What’s Good for the Goose...
Brad Spangler writes:
To accept that the state is banditry but simultaneously deny that the poorest among us are undoubtedly among those who have been stolen from the most (in one fashion or another) is not rational.
Against that backdrop, libertarians ought to re-evaluate their historic hostility to labor organizing. In a genuinely free market, all would rightfully have the opportunity to seek and negotiate the best deal for themselves and their associates that they can. If whatever price the market will bear is good for the plutocrat, it’s just as good for the worker negotiating wages. Personally, I’m proud to be a dues paying IWW member.
I recall seeing a lot of tsk-tsking from Paul Birch and others of like mind in some discussion forum several months back, about what blackguards union workers were for demanding higher wages when their labor was most needed. Golly, aren’t these the same people who defend “price gouging” by the oil companies?
Here’s what I think it boils down to. For Nixon and Bush, “when the President does it it’s not illegal.” And for vulgar libertarians, when big business and the rich do it it’s OK. In response to someone who said it was perfectly rational for a worker to see how much pay he could get for the least work, Birch replied in offended tones that it might be rational to steal, too, or something to that effect.
Well, before we put “employers” on too high a pedestal, let’s consider this quote from a vice president of PR at General Motors (in David M. Gordon’s Fat and Mean):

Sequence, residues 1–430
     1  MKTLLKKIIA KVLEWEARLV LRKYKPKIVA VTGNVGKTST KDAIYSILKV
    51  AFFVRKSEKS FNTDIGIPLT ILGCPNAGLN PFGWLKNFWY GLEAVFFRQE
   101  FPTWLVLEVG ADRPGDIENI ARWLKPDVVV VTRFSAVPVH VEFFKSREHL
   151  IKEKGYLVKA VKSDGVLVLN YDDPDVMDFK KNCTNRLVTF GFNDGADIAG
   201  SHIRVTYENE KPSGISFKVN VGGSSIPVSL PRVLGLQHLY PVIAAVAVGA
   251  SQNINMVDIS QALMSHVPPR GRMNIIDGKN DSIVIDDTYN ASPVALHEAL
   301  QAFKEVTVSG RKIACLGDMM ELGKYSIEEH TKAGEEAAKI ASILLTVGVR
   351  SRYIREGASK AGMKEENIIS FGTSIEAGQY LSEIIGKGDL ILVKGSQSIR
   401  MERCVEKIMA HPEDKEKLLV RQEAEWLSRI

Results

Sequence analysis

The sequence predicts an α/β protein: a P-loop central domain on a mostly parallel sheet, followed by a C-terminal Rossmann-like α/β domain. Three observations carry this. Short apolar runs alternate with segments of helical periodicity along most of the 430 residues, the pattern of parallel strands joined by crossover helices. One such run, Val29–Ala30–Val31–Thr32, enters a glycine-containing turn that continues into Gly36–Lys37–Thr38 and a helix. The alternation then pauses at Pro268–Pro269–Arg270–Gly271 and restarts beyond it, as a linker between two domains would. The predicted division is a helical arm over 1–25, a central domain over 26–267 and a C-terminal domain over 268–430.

....We are not yet a classless society.... [F]undamentally the mission of [workers’] elected representatives is to get the most compensation for the least amount of labor. Our responsibility to our shareholders is to get the most production for the least amount of compensation.
And here, from the same source, is an advertising blurb from a union-busting consulting firm:
We will show you how to screw your employees (before they screw you)--how to keep them smiling on low pay--how to maneuver them into low-pay jobs they are afraid to walk away from--how to hire and fire so you always make money.
That kind of honesty is quite refreshing, after all the smarmy Fish! Philosophy shit I’ve been wading through lately.
I know, I know, I’ve read Economics in One Lesson. I’m familiar with the argument that “in a free market” wages are determined by productivity. I’ve also seen, in the real world, real wages that have remained stagnant or even fallen slightly since the 1970s, as the real GDP nearly doubled. That brings to mind a quote from Mises:
If a contradiction appears between a theory and experience, we must always assume that a condition pre-supposed by the theory was not present, or else there is some error in our observation. Thedisagreement between the theory and the facts of experience frequently forces us to think through the problems of the theory again. But so long as a rethinking of the theory uncovers no errors in our thinking, we are not entitled to doubt its truth. [Epistemological Problems of Economics]
When the theory predicts that in a free market wages will be determined by the productivity of labor, and we see that they aren’t, what’s the obvious conclusion? That we’re dealing with power relations, not market relations.